Delaney on teaching and life
Other swimmers Green with Envy
Un-Golden Hawks fall
Other swimmers Green with Envy
By Chad Thompson
Some players have to choose between two sports. Tamsyn Green, co-captain of Western's swim team, was all too familiar with this, as she had to choose between field hockey and swimming two sports she loved.
"I played field hockey at a provincial level for about three years so I wanted to try swimming at that level or higher. I swam at club level for six months, but decided I didn't like the club atmosphere," she said about the inevitable decision.
"At university, I chose it because I assumed the varsity swim season was longer than the varsity field hockey season. I think my roots go back farther as a swimmer then they do as a field hockey player."
Green, who came to Canada from South Africa when she was 12 years old, said the main difference between the two countries was the way school was perceived by the students. "The schooling system is a lot different. There were a lot more rules [in South Africa]. The whole situation is different. In South Africa, if you didn't do your homework you were considered a loser. Whereas here, if you did do you homework, you were considered a nerd."
The fourth-year health sciences student talked about the ups and downs of being a student athlete. "The best part is knowing you can perform at a level and be good at it, being able to know you have a social group and being able to time manage," she said.
Green said a typical day starts with morning practice. "I probably spend 14 hours a day on campus. I have anywhere between four to six hours of class a day. I have afternoon practice, then we do weights as a team, three times a week. Then I'm at the library or on the computer, studying."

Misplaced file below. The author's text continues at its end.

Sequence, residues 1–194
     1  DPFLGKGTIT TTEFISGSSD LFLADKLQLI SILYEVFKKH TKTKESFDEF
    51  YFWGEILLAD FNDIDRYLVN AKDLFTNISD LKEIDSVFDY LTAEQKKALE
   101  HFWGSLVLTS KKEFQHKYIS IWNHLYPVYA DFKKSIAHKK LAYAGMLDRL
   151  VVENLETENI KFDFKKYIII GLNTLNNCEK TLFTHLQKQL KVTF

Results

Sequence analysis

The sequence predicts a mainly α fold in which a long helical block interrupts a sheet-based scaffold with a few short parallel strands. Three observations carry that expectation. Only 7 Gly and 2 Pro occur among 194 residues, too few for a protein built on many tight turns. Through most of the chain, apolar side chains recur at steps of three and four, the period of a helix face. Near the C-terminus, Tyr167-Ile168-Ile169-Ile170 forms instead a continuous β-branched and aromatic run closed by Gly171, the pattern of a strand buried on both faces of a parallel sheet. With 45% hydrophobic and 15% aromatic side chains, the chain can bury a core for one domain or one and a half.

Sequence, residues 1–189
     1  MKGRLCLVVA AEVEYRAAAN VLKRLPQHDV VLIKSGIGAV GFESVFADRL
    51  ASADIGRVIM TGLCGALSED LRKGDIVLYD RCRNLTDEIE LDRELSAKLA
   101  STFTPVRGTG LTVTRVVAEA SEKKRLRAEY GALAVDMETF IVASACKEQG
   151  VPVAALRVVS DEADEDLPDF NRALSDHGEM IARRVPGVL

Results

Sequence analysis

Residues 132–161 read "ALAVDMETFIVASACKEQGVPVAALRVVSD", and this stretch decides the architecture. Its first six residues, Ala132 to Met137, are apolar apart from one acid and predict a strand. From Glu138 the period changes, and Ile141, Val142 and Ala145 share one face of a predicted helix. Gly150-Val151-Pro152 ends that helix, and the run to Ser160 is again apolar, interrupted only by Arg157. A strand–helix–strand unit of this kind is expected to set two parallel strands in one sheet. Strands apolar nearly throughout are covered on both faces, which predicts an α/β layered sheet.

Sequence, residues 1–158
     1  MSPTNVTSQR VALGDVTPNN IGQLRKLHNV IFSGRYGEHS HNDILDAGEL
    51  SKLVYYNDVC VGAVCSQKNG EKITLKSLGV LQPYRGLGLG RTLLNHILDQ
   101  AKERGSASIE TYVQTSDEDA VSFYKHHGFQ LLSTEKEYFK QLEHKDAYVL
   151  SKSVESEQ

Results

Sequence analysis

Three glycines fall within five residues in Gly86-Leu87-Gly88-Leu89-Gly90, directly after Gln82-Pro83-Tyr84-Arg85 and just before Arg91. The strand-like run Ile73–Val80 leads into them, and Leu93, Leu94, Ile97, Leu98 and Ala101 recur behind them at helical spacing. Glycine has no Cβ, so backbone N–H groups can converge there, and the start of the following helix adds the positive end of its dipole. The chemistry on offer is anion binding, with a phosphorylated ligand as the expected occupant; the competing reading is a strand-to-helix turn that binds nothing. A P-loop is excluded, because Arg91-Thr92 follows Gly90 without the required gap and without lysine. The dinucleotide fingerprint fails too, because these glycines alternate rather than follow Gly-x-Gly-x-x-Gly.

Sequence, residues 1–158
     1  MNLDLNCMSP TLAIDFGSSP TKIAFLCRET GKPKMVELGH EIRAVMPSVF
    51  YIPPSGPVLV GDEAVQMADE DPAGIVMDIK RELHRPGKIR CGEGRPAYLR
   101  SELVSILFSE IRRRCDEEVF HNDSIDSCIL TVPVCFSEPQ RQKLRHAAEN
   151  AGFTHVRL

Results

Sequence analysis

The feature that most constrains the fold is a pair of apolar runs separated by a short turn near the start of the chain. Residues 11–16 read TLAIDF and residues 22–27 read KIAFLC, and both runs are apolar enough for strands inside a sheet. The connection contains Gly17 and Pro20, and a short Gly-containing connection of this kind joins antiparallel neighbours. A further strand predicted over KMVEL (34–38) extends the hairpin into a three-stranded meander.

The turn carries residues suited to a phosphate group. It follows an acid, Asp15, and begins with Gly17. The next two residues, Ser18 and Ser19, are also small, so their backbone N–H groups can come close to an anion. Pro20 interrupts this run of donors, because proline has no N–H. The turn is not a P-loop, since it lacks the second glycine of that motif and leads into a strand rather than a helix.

The best part about swimming, Green said, is the technicality of the sport. The worst part, however, is swimming in uncomfortable water temperatures. "Having to dive into a cold pool when you know it's minus 30 outside."
Green said being one of the team's captains is a very important role on the team. "It means I have the leadership that people thought it takes for someone to [be captain]. We pick our captain through the team, the coach doesn't do it. It's an honour to be able to know that I lead the team and they know they can come to me with questions. It's kind of intimidating at the same time, because you have a lot to deal with, there's a lot of hidden things that people don't know you do."
Fellow co-captain Crystal Clark and Green compliment each other well, she said. "One of us will be irrational one day and the other one won't, so we have a good balance. There's questions I won't have the answer to, that she'll understand and vice versa. We're good friends outside the pool too, so that helps a lot."
Teammate Jessica Kelly said she felt Green was someone who led by example. "She puts her team before herself in almost every respect," she said. "Tamsyn has a great sense of humour and is a good person."
Western head coach Glen Belfry said Green is a hard worker and different than Clark. "Tamsyn is quieter. She has a great strength about her," he said. "She's very kind, sensitive and outgoing."